Abstract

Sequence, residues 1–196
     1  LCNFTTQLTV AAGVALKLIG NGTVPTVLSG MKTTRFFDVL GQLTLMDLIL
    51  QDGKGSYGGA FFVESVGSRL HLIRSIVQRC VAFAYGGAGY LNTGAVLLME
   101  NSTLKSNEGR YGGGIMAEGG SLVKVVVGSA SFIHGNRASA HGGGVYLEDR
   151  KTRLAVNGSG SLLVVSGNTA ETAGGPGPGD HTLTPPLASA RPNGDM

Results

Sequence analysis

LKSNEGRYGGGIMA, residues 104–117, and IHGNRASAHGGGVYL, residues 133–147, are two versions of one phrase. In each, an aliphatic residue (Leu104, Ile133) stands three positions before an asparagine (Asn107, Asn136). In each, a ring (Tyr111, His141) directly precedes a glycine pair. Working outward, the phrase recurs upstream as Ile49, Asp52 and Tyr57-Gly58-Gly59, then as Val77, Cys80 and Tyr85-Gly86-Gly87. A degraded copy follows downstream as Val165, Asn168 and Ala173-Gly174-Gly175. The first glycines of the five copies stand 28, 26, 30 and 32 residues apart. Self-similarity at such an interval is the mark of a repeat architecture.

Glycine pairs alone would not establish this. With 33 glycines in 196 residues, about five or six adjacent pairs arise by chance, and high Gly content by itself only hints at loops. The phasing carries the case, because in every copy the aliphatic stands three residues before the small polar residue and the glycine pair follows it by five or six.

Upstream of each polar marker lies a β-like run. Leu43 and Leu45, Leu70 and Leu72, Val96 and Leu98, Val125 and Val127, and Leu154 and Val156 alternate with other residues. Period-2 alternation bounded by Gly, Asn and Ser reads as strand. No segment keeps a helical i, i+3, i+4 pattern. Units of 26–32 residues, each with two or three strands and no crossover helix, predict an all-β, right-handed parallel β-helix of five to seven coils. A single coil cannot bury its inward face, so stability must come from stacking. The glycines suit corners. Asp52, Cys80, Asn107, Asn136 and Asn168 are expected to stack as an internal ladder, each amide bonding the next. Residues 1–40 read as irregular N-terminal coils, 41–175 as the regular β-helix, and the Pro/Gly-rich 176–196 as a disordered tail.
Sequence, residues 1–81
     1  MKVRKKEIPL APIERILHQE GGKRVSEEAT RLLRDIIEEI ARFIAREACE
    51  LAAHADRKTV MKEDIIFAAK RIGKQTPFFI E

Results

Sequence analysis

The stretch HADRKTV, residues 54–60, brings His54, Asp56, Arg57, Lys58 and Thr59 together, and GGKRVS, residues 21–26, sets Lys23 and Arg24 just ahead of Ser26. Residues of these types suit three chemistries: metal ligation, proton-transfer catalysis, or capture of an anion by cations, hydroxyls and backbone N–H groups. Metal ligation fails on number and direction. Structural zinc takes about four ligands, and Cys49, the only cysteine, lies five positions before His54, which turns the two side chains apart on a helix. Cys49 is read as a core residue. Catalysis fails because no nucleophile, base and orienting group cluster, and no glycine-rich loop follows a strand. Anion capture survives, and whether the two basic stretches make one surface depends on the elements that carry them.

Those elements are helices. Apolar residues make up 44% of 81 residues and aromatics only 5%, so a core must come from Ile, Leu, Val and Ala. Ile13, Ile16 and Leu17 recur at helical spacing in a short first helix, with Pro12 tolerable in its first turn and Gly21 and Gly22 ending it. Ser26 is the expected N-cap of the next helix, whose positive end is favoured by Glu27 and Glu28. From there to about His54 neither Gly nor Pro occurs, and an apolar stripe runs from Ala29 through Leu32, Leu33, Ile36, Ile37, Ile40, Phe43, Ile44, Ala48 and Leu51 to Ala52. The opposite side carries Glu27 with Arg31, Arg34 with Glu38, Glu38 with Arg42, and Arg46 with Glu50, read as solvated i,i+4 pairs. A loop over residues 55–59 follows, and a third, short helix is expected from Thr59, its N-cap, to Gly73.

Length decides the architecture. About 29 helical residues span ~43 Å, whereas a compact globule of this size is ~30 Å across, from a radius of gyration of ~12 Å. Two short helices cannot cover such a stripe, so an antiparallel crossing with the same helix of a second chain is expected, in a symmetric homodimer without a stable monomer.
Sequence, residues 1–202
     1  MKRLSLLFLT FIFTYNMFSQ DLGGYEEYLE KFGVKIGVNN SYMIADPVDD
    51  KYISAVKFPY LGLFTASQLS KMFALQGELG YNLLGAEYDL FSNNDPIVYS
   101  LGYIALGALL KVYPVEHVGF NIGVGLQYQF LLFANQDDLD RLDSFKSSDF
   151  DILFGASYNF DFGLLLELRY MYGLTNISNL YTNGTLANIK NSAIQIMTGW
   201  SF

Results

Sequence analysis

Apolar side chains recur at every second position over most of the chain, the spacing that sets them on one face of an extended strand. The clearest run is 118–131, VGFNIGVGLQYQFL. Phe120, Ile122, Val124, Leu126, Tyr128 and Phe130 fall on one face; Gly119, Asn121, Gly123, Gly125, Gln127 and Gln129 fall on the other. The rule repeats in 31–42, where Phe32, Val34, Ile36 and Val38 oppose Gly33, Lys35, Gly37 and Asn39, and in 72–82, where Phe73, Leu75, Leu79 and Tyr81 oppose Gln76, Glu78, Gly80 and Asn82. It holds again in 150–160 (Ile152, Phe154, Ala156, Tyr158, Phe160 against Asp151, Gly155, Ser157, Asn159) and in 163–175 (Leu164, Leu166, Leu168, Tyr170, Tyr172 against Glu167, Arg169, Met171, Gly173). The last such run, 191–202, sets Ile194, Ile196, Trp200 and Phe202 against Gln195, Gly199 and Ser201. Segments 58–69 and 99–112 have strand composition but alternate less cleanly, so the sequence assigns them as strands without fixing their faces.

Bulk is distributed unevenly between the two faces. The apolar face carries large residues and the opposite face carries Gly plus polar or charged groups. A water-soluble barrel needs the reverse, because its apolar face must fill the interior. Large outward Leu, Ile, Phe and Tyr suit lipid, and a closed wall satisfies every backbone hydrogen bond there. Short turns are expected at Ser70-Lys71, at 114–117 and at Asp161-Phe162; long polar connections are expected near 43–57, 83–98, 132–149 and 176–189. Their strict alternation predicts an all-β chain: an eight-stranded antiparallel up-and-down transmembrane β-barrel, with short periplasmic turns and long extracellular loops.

New and published analyses of fluid-inclusion leachates from Mississippi Valley–type (MVT) deposits can be divided into two groups on the basis of Na/Br and Cl/Br ratios. MVT leachates from the Illinois-Kentucky and Cincinnati arch districts and from cubic galena in the Viburnum Trend have Na/Br and Cl/Br ratios that extend to values significantly above that of seawater, which are characteristic of evaporite-dissolution brines. MVT leachates from Polaris and octahedral galena in the Viburnum Trend have Na/Br and Cl/Br ratios that plot below seawater and along the compositional trend formed by evaporation. Solubility-volume constraints require that brines formed by seawater evaporation had high dissolved metal contents. Preliminary correlation of leachate compositions allows delineation of two brine provinces in the midcontinent United States: (1) an early, high-Br province found only in southeastern Missouri, and (2) a later, low-Br province of probable Permian age that extended from the Cincinnati arch to the Tri-State district. These observations, along with Na-Cl-Br data for modern brines from the Illinois basin, argue against models for single-stage midcontinent MVT brine flow based on recharge from late Paleozoic (Arkoma) foreland basins to the south.

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